The two topics that attracted most interest in the submitted contributions are network validation and data integration. The former is a good reminder that the assessment of inferred networks is not trivial due to two major reasons. First, we still have only partial knowledge about gene regulatory networks even in organisms like Saccharomyces cerevisiae (yeast) or E. coli, which are considerably simpler than Human. Second, networks are structured objects that means we cannot only assess errors on the global scale for the whole network, but also on intermediate levels down to single interactions and any combination thereof, e.g., motifs or modules (Emmert-Streib and Altay, 2010). In addition, for labeled data enabling the usage of supervised learning methods further issues need to be addressed, as indicated and discussed in the review paper by Schrynemackers et al. (2013).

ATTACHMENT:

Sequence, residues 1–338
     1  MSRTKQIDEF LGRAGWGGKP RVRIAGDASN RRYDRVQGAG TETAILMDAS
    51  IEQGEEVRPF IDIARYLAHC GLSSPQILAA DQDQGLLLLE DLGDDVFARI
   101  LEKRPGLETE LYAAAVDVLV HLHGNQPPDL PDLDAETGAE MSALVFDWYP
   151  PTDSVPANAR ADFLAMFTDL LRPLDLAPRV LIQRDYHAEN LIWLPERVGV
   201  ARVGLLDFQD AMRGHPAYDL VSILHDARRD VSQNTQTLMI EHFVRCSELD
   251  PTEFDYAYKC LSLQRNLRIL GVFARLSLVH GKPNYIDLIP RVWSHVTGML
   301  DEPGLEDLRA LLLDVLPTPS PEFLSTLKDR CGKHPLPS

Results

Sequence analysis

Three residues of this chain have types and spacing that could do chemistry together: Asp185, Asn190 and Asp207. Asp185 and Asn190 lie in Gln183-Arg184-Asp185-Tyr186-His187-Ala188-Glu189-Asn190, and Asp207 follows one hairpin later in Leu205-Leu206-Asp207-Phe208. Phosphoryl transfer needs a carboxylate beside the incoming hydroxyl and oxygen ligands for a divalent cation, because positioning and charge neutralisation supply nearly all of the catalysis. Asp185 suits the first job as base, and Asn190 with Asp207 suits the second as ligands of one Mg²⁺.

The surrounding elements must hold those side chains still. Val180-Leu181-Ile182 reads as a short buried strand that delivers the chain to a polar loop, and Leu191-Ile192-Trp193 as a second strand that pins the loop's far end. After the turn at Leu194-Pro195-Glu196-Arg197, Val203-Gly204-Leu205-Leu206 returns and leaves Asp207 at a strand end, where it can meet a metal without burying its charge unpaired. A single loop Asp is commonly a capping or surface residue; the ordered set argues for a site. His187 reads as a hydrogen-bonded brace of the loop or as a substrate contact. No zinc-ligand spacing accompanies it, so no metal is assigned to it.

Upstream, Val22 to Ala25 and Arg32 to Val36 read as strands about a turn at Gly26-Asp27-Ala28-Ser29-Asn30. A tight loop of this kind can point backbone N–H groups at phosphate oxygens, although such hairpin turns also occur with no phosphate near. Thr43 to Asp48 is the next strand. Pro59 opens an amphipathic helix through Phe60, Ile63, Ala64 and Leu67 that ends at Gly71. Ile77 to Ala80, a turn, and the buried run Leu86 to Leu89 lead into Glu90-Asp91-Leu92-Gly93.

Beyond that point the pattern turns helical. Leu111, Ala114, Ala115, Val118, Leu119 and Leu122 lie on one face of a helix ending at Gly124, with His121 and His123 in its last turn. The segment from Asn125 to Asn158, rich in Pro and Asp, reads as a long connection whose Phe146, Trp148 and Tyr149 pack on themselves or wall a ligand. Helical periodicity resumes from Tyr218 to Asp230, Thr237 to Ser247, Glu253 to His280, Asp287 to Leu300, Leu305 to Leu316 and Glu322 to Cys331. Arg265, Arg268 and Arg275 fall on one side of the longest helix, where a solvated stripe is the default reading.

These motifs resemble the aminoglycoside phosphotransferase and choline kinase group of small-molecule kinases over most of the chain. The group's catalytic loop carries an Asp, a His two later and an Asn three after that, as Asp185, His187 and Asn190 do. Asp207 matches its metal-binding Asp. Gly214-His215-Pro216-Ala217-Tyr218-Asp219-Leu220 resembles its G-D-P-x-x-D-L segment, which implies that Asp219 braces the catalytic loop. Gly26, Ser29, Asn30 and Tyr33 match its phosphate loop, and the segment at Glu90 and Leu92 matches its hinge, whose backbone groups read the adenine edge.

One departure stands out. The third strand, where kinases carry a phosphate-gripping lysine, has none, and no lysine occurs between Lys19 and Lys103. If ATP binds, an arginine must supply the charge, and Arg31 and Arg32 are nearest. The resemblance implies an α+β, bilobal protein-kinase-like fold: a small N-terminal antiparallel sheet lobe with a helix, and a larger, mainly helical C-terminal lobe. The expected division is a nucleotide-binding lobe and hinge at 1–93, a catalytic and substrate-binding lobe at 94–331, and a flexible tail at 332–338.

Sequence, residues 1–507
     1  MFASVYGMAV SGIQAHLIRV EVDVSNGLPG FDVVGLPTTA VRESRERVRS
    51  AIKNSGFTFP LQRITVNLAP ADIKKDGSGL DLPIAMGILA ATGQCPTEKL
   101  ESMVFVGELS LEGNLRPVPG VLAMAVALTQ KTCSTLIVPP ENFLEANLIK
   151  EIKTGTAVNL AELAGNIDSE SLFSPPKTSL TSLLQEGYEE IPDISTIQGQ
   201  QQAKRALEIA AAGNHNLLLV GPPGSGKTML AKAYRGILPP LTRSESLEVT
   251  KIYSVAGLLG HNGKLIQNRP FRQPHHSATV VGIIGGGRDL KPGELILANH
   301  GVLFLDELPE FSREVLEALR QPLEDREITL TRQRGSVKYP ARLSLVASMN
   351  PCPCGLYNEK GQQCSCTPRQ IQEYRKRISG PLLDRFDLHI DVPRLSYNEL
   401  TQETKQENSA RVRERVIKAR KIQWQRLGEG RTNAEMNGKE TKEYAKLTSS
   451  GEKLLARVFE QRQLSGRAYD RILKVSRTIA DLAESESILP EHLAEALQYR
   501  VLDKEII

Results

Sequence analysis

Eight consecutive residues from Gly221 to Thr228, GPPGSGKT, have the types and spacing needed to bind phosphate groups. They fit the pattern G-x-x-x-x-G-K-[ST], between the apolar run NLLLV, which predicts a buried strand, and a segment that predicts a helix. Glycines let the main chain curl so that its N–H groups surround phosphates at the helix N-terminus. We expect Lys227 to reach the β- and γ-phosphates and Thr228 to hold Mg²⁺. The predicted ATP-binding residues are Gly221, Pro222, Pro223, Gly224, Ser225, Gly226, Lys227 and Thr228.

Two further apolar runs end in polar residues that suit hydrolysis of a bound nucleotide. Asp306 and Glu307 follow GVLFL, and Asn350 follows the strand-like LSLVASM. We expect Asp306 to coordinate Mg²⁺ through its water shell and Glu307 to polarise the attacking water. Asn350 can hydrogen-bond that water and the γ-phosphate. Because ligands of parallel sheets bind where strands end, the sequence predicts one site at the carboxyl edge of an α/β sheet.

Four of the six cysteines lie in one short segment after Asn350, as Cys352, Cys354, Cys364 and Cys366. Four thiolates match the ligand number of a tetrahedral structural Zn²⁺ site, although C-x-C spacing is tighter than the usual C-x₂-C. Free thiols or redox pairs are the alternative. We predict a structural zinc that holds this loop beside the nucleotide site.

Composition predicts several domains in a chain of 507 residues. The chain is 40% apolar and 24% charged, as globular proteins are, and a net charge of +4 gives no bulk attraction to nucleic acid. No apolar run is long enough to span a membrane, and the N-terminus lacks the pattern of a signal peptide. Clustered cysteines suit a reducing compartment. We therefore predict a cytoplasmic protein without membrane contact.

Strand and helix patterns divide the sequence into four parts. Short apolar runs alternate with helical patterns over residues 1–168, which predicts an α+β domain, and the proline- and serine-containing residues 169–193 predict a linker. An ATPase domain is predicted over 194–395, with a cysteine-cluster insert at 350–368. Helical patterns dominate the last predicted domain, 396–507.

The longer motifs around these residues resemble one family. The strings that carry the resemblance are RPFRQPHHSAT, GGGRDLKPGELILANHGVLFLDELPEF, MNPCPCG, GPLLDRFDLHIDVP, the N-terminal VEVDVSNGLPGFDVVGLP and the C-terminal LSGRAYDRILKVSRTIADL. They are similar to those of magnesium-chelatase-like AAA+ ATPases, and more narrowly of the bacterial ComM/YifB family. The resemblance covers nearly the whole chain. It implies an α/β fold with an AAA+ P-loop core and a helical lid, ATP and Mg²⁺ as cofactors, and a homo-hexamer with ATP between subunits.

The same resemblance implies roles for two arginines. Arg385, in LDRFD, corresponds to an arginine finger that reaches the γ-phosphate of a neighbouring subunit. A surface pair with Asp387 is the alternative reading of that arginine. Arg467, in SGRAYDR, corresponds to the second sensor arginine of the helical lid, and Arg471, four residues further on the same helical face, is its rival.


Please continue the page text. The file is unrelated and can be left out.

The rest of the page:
The integration of different datasets, either of the same or of different types, is certainly a topic that will gain even more attention in the future when more and new high-throughput technologies become available and the access to such datasets is simplified by a policy change of funding agencies making it imperative for grant holders to provide free access to such data. It appears that Bayesian methods (Santra, 2014) provide a natural framework that is particularly suited for such an integration because of its flexibility and widespread acceptance as a fundamental statistical inference paradigm. However, other methods have also been proposed to tackle the challenge of heterogeneous data integration, such as the regression-based framework integrating priors extracted from the biomedical literature and other sources (Olsen et al., 2014). This provides opportunities for comparing novel methodological developments with well-established statistical approaches. We would like to emphasize that networks inferred from the integration of different datasets require a reassessment of their validation for similar reasons as for a supervised learning of gene regulatory networks (Schrynemackers et al., 2013).